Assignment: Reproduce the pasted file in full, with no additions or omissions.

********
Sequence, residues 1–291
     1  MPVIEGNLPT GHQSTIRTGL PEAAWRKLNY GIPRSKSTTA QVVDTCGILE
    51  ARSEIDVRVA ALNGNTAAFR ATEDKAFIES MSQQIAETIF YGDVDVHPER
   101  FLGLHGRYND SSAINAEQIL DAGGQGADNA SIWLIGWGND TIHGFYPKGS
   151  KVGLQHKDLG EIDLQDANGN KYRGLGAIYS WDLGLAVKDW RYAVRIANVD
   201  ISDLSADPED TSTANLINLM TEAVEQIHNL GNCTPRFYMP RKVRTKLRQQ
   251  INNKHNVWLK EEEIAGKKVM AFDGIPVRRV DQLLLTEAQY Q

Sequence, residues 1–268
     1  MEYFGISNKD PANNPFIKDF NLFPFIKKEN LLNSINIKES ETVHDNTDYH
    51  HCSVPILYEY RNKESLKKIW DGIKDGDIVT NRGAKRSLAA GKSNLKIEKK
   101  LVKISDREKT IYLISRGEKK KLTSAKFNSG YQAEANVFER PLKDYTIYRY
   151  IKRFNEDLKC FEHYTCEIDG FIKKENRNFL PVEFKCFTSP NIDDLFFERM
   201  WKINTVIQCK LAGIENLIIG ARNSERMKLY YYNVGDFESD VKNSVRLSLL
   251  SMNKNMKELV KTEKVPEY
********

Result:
Sequence, residues 1–291
     1  MPVIEGNLPT GHQSTIRTGL PEAAWRKLNY GIPRSKSTTA QVVDTCGILE
    51  ARSEIDVRVA ALNGNTAAFR ATEDKAFIES MSQQIAETIF YGDVDVHPER
   101  FLGLHGRYND SSAINAEQIL DAGGQGADNA SIWLIGWGND TIHGFYPKGS
   151  KVGLQHKDLG EIDLQDANGN KYRGLGAIYS WDLGLAVKDW RYAVRIANVD
   201  ISDLSADPED TSTANLINLM TEAVEQIHNL GNCTPRFYMP RKVRTKLRQQ
   251  INNKHNVWLK EEEIAGKKVM AFDGIPVRRV DQLLLTEAQY Q

Sequence, residues 1–268
     1  MEYFGISNKD PANNPFIKDF NLFPFIKKEN LLNSINIKES ETVHDNTDYH
    51  HCSVPILYEY RNKESLKKIW DGIKDGDIVT NRGAKRSLAA GKSNLKIEKK
   101  LVKISDREKT IYLISRGEKK KLTSAKFNSG YQAEANVFER PLKDYTIYRY
   151  IKRFNEDLKC FEHYTCEIDG FIKKENRNFL PVEFKCFTSP NIDDLFFERM
   201  WKINTVIQCK LAGIENLIIG ARNSERMKLY YYNVGDFESD VKNSVRLSLL
   251  SMNKNMKELV KTEKVPEY